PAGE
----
Many members of Congress and industry associations immediately responded to the U.S. Court of Appeals for the District of Columbia Circuit’s decision that the Consumer Financial Protection Bureau’s single-director structure is unconstitutional for an independent agency. The court, in PHH Corporation v. CFPB, did not strike down the entire agency, instead ruling that the President must be deemed to have the authority to discharge the director at will and without cause.
The court also rejected the bureau’s claims that there is no statute of limitations that restricts its ability to enforce the Real Estate Settlement Procedures Act against a mortgage lender that was accused of taking illegal kickbacks. To successfully show a RESPA violation by PHH Corporation, the bureau will need to prove that mortgage insurers paid PHH-affiliated reinsurers above-market premiums less than three years before the enforcement action was initiated (seeBanking and Finance Law Daily, Oct. 11, 2016).
PHH responds. In response to the decision that vacated the CFPB order for the company to disgorge $109 million in reinsurance premiums, PHH released its Form 8-K filing for the Securities and Exchange Commission. The filing stated that the company "does not expect the decision of the Court of Appeals to have any significant impact on its legal and regulatory reserves or estimates of reasonably possible losses in excess of such reserves." Also released was a statement by PHH expressing gratitude for the decision, the company also indicated hop that the opinion would "provide greater certainty to the entire mortgage industry regarding the industry’s reliance on longstanding regulation as to how to conduct business consistent with RESPA."
Victory for accountability? Senator Richard Shelby (R-Ala) called the court’s ruling "a victory for accountability," but said it was "meaningless without a President who is willing to rein in the unmatched authority of the CFPB’s Director." Senator Tom Cotton (R-Ark) urged CFPB Director Richard Cordray to uphold his earlier promise to abide by the court ruling." According to Sen. David Vitter (R-La), a vocal critic of the CFPB, the bureau "needs to be dismantled and reformed, and this decision is an important step toward protecting consumers and businesses."
Senator Sherrod Brown (D-Ohio), Ranking Member of the Committee on Banking, Housing, and Urban Affairs, disagreed with the opinion, stating that the bureau’s structure "works." Brown also called the CFPB one of the "most accountable financial agencies." Senator Elizabeth Warren (D-Mass) called the opinion "bizarre" and stated it would likely be overturned on appeal. Warren also clarified that the ruling "makes a small, technical tweak to Dodd-Frank and does not question the legality of any other past, present, or future actions of the CFPB."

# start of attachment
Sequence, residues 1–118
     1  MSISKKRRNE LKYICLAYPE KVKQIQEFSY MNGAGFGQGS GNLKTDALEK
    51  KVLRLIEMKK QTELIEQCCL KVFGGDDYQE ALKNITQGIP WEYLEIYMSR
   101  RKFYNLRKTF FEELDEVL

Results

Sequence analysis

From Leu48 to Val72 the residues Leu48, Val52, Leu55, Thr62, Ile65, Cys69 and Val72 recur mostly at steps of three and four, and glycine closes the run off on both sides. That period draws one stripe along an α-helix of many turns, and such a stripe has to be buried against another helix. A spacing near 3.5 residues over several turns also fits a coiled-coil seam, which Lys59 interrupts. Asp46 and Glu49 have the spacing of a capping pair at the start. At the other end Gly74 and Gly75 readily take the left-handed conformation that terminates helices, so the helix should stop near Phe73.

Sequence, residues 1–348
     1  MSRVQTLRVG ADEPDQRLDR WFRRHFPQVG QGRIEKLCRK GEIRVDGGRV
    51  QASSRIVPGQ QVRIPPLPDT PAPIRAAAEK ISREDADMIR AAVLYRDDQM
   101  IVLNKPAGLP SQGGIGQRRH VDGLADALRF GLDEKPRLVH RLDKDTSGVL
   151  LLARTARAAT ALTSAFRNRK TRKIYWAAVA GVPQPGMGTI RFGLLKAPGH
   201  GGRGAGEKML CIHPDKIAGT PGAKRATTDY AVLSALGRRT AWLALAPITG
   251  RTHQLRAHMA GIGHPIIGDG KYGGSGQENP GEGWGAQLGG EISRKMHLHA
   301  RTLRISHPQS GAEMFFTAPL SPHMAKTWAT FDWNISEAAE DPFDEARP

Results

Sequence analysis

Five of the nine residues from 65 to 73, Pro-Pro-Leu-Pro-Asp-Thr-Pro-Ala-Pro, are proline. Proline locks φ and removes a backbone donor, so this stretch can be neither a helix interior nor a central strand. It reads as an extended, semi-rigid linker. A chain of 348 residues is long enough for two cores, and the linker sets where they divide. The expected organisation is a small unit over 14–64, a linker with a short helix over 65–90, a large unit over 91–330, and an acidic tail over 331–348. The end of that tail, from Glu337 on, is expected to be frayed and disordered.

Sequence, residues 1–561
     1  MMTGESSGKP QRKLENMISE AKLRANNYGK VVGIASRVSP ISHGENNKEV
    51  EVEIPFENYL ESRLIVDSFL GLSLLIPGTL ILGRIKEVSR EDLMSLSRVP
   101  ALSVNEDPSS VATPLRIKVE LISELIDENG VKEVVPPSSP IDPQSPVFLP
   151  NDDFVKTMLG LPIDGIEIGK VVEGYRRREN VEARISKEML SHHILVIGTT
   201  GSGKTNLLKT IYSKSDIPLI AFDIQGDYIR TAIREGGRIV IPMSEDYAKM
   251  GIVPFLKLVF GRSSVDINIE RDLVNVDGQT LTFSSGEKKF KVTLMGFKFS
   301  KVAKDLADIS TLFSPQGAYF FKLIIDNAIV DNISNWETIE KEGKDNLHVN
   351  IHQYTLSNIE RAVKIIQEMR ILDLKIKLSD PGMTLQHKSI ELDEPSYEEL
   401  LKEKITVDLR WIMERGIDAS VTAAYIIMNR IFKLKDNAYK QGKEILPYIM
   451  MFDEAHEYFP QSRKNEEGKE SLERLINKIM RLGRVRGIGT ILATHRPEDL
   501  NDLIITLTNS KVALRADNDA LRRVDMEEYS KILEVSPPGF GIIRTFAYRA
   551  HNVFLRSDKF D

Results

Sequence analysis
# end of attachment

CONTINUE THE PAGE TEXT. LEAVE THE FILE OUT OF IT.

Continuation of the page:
House Republicans. Financial Services Committee Chairman Rep. Jeb Hensarling (R-Texas) called it "a good day for democracy, economic freedom, due process and the Constitution." Hensarling said the opinion vindicated what House Republicans have said about the CFPB structure. Hensarling and Rep. Sean Duffy (R-Wis) pointed to the Financial CHOICE Act (H.R. 5983), which would replace the current single director structure with a bipartisan, five-member commission. Ranking Member Rep. Maxine Waters (D-Calif) stated she was not surprised that "a small panel of the country’s most conservative judges has made such an anti-consumer ruling."
Republicans Reps. French Hill (Ark), Scott Garrett (NJ) and Andy Barr (Ky) also praised the ruling, with Barr promoting his bill, The Taking Account of Bureaucrats’ Spending (TABS) Act (H.R. 1486), which would move funding for the CFPB into the Congressional appropriations process. H.R. 1486 was included in the Financial CHOICE Act.
Commission instead of Director. The Consumer Bankers Association agreed with the decision, and said Congress should create a commission to run the agency, in place of a sole director. The American Bankers Association stated a five member commission would "strike a reasonable balance between independence and accountability." The Independent Community Bankers of America also supported the ruling "that the CFPB overstepped its bounds and overturned longstanding administrative guidance without notice in its action against PHH."
In a statement, the U.S. Consumer Coalition stressed that "Congress must pass comprehensive Dodd-Frank reform that includes an overhaul of the CFPB, including a change in the leadership structure, bringing the agency under the traditional congressional appropriations process, and subjecting it to the same anti-discrimination standards as other federal agencies and private corporations."
Threatens consumer interests. Public Citizen released a statement declaring that the opinion "threatens the ability of the agency to be a tough protector of consumer interests."
Americans for Financial Reform was "disappointed" by the ruling and stated that the CFPB is doing exactly what it supposed to: "serve as an effective enforcer of fair rules of the road to prevent unfair deceptive and abusive financial practices."
According to a Better Markets statement, the court’s decision was "not wise" and affects the ability of the CFPB to be a powerful consumer watchdog. A statement by Allied Progress called the decision "reckless" and "partisan" and expressed "no doubt" it would be reversed on appeal.
Companies: Allied Progress; American Bankers Association; Americans for Financial Reform; Better Markets; Consumer Bankers Association; Independent Community Bankers of America; PHH Corporation; Public Citizen; U.S. Consumer Coalition
MainStory: TopStory CFPB DistrictofColumbiaNews DoddFrankAct Mortgages RESPA
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